This is Wisconsin Tornado & Severe Weather Awareness Week; statewide tornado drill is April 14

NOAA stock photo /public domain

NOAA stock photo /public domain

This is Wisconsin Tornado & Severe Weather Awareness Week, which will include a statewide tornado drill at 1 p.m. on Thursday, April 14.

The following media release is from Kenosha County Emergency Management:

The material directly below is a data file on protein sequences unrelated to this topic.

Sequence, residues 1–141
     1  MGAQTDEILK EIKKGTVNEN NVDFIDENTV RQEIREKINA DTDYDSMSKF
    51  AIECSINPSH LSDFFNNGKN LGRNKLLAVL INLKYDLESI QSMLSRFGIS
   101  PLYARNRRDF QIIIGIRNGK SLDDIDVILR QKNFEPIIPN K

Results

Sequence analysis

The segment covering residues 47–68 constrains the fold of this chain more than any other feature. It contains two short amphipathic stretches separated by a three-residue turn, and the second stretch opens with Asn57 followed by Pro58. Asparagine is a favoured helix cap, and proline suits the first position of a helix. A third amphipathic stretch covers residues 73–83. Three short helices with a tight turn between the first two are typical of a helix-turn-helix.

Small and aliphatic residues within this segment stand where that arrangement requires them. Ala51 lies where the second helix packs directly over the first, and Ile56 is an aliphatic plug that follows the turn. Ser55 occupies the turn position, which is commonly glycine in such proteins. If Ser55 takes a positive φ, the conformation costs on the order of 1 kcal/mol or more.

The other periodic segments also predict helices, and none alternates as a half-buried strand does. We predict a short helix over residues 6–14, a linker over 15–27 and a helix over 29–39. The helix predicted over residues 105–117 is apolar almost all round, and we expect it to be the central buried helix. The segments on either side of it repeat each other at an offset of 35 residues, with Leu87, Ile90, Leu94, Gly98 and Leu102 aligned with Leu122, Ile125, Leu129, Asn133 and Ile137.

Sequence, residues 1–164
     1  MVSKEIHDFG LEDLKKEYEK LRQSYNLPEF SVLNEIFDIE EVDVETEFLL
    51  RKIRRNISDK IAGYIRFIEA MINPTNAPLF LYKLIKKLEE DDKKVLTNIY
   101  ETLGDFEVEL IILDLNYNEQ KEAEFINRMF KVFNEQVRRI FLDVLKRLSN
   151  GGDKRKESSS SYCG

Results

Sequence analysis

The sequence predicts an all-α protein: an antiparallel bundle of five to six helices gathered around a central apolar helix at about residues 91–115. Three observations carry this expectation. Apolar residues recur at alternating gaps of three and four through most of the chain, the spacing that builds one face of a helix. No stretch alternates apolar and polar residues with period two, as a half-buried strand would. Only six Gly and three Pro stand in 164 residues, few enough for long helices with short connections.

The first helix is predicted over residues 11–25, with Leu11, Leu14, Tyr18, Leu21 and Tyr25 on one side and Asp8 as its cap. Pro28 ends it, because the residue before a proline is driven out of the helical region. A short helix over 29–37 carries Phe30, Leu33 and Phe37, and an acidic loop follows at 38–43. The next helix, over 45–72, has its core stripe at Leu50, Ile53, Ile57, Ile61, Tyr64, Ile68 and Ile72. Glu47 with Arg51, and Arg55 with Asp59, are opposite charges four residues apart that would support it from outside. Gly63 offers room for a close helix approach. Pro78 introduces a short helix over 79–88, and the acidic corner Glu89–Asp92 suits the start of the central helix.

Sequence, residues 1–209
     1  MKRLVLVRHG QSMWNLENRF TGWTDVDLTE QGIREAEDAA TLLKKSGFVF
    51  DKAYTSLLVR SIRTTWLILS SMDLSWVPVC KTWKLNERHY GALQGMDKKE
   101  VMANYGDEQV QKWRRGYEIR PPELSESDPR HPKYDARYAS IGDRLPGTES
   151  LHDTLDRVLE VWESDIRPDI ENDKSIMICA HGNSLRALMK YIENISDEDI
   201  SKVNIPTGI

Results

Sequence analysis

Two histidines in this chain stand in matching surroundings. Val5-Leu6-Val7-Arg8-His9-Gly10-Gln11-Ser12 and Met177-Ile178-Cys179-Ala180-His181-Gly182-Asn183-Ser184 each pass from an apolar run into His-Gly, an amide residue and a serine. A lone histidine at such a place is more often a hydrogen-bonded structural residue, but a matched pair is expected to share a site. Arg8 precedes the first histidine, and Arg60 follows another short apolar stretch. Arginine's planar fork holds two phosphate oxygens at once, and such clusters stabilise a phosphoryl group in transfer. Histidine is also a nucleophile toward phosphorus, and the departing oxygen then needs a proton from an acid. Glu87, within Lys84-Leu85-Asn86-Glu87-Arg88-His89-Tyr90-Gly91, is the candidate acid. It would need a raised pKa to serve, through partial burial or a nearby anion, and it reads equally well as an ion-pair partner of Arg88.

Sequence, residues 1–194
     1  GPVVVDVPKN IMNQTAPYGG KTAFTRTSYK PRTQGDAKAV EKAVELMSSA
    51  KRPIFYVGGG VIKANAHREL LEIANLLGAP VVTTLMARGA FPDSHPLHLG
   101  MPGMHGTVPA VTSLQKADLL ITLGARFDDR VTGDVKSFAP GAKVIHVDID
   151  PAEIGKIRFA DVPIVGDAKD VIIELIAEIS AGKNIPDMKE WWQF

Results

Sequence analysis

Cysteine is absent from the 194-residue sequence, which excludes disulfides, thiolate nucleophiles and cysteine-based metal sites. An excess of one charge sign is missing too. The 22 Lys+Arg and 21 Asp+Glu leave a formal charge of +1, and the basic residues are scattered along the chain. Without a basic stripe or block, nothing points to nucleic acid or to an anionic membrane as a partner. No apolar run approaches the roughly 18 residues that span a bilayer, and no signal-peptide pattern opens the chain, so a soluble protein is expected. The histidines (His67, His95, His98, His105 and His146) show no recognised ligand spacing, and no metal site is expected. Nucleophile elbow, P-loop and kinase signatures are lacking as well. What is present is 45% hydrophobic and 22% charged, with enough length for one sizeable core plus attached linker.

Did you know that most tornado touchdowns occur between 4:00 p.m. and 9:00 p.m.? That’s why the State of Wisconsin has added a second tornado drill to allow families and businesses the chance to test their tornado and severe weather plans. Governor Walker has declared April 11-15, 2016 as Wisconsin’s Tornado & Severe Weather Awareness Week.   Kenosha County Emergency Management, Wisconsin Emergency Management, the National Weather Service (NWS) and the Wisconsin Broadcasters Association (WBA) have once again teamed up to sponsor the statewide tornado drill scheduled for Thursday, April 14.  On Thursday, April 14, 2016, a mock tornado watch will be used at 1:00 p.m. A mock tornado warning will be issued statewide at 1:45 p.m. In addition, for the first time, a mock tornado warning will also be issued at 6:55 p.m. Many radio and TV stations across the state will issue the test tornado warnings. In addition, mock alerts will be issued on NOAA Weather Radios and many communities will sound their tornado sirens. The statewide tornado drill is a great opportunity for schools, businesses and families to test their emergency plans about what to do and where to go when severe weather strikes. The tornado drill will take place even if the sky is cloudy, dark and or rainy. If actual severe storms are expected in the state on Thursday, April 14, the tornado drills will be postponed until Friday, April 15 with the same times. If severe storms are possible Friday the drills will be cancelled. What can you do? Listen, Act and Live! Listen: When severe weather is possible (Thunderstorm or Tornado Watch issued) pick a credible source of information and keep in touch with that source until the danger has passed. One of the best tools is a NOAA weather radio. If you don’t have one, get one. Act: When you hear a Tornado Warning (tornado seen by spotters or detected on radar) seek the best shelter you can find immediately. Don’t waste time checking multiple sources of information. You may have only seconds to find a safe place.  Live: Your chances of survival multiply by getting to that shelter right away. Hopefully the storm will pass with no damage. But don’t risk your life on a hope.For more information visit the ReadyWisconsin website: You’ll find great information on how to protect you and your family from tornadoes and other severe weather threats.  If you need further information, please contact your county emergency management director Lt. Gil Benn at 262-605-7900, or Tod Pritchard or 608-242-3324.


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